Here's what we used to do:
- Monday - rest day
- Tuesday night - 2 hours general training
- Wednesday lunchtime - 1 hour weight training
- Thursday night - 2 hours general training
- Friday lunchtime - 1 hour fitness training
- Saturday morning - 1 hour pre-match run-throughs and tactics
- Sunday - match day

We gave our time six days a week, we bought our own kit, we paid our subscriptions and travel costs. And just as an example of how much time or care went into "the rest of us" - I was selected to play at fullback, and never given any training or tips on kicking the damn ball. No spot kicking, no drop kicking, no kicking from the hand, nothing. I asked for some help once. I was told I was welcome to stay at the pitch at the end of training and practice on my own. Wow. That's a commitment to developing your players isn't it? But then, there was already a really good fullback, so why bother with me? I actually wish Ashpit, whoever the hell he was, could read this, and know how much goodwill, willingness and enthusiasm he trampled on. Know how many people, like me, might have carried on playing beyond university if it weren't for being so demoralised by the experience. Know how much I loved playing, actually playing, in rugby matches, and how much of a waste of effort and work and passion it is to put someone on the bench and leave them there.

So, back to the Varsity Match...

Having been on the 1st XV squad on and off for most of the year, when the squad for the Varsity Match was posted, I was gutted to find I was not on it. No hope of a half-blue for me. No chance of playing in the defining match of the year. (Though, let's be honest, I'd have stood on the sidelines getting cold, so I'd just have missed a half-blue in a different way). Take a deep breath and mentally prepare for the 2nd XV match. The 2nd XV squad were my compatriots. Friendly, motivated, welcoming. Unlike the 1st XV, I felt part of the 2nd XV when I played, and I knew we could go out there and give it our all.

And then... the day before the match... Oxford pulled out. They confessed that they didn't actually have a 2nd XV. A full-blue sport in Oxford and they couldn't even muster a 2nd XV? And they strung us along all bloody year, arranged the fixture and only then, at the eleventh hour, did they have the guts to admit they didn't have a team. We were beyond angry. Disappointed didn't come close to describing it. We had had the match of the year snatched from us, by the age old enemy, and one who had the gall to award a full-blue against our half-blue when they didn't even have enough players to muster two teams from a whole university. And there went my chance of being awarded my university colours.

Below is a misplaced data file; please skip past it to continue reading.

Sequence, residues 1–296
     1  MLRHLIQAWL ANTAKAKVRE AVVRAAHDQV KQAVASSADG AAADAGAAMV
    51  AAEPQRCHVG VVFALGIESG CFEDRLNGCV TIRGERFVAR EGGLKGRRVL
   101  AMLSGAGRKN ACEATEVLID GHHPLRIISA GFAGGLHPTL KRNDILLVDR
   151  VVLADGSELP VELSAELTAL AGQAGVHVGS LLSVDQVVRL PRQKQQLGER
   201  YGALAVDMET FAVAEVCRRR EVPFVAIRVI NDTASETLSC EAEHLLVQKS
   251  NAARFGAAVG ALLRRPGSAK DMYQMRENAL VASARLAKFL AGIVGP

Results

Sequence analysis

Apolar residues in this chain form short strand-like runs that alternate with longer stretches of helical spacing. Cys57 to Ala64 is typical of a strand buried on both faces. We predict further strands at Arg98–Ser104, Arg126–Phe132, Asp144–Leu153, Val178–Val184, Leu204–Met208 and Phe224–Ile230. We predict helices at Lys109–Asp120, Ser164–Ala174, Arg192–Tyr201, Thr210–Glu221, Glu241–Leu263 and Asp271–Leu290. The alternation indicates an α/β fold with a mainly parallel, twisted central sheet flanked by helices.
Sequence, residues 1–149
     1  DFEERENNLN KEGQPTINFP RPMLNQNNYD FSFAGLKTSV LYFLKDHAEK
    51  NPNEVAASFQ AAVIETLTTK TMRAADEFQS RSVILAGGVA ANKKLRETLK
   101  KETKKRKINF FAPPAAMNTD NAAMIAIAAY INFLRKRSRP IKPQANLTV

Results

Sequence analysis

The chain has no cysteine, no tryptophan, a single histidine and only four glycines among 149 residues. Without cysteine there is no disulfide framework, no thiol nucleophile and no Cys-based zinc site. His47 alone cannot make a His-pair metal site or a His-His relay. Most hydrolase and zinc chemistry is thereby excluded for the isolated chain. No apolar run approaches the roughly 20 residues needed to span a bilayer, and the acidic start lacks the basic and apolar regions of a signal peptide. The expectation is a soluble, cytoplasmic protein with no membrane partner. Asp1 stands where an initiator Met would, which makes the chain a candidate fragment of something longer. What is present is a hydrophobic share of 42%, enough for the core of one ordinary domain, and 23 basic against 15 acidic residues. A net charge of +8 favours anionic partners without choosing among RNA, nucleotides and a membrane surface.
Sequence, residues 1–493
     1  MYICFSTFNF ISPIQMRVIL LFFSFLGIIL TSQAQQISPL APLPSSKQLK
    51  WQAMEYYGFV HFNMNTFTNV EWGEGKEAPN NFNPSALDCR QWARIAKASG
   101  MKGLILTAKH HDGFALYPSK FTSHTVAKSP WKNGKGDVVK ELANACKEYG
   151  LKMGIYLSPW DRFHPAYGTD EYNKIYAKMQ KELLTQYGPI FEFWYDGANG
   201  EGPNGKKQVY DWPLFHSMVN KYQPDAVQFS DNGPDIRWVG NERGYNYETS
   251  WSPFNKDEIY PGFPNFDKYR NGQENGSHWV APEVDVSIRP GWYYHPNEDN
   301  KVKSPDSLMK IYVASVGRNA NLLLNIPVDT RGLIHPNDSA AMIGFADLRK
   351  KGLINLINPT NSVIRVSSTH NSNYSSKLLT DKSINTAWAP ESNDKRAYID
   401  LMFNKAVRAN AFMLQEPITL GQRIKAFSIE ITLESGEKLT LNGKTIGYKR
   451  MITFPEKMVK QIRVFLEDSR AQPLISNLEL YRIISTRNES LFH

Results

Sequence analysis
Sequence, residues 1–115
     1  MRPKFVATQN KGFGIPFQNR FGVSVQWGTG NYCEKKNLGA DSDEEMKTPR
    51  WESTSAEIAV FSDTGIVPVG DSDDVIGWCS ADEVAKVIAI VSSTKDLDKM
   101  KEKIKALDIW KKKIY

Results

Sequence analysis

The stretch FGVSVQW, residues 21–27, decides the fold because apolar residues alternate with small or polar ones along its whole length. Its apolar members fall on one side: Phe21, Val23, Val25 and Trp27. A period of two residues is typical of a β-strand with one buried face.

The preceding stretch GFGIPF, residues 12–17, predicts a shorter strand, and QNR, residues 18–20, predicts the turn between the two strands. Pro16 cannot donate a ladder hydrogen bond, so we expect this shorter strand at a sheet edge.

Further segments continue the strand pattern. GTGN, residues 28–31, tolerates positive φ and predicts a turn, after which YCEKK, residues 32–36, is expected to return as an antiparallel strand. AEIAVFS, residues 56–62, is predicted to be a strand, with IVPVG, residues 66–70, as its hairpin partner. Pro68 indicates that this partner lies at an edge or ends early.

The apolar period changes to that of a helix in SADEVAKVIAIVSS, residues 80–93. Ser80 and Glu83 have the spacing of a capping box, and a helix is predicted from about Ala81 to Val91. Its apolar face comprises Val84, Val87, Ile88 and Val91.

En masse, the 2nd XV refused to go to Oxford on the day of the match. We weren't even prepared to go to support the 1st XV. We had been let down, betrayed, and given no support or sympathy from the Chosen Few from our own club, or from our so-called coaching team (you remember them, they're the ones who never came to watch us play).

It's coming up for twenty years now, so it's probably about time I stopped feeling so aggrieved with Ashpit and his helpers; stopped resenting the favoured few who were always on the pitch; stopped being angry with Oxford for letting us down. The fact that the women are not only allowed to play on the men's pitch now, but have been invited to play at Twickenham, the home of rugby, suggests that perhaps at least the attitude to women's rugby has moved on. Maybe I'll go and watch this year. To make up for not watching my club-mates in 1996. Maybe.

I shall end with a snippet from the 2nd XV team song, and the recollection of singing it while marching arm in arm down the road with Piglet and Tigger* to acquire more wine, having tragically run out in our own rooms ...
We never climbed the highest mountain
We never crossed the deepest stream
We are a bunch of drunken animals

* It was Tigger who suggested I join her in playing rugby. So I have her to thank for the highs and the lows of university sport. Despite the above grumble, I remain glad that I played, so I think Tigger deserves some thanks. Thank you Tigger!

1 comment:

  1. Tigger says, "You're Welcome... I think... " I have so successfully managed to wipe most of the rugby-related experiences from my mind that I had even forgotten Ashpit's name. I do remember eating my way through an entire large tub of Hagen Dazs though, the day that OUR Varsity match was cancelled.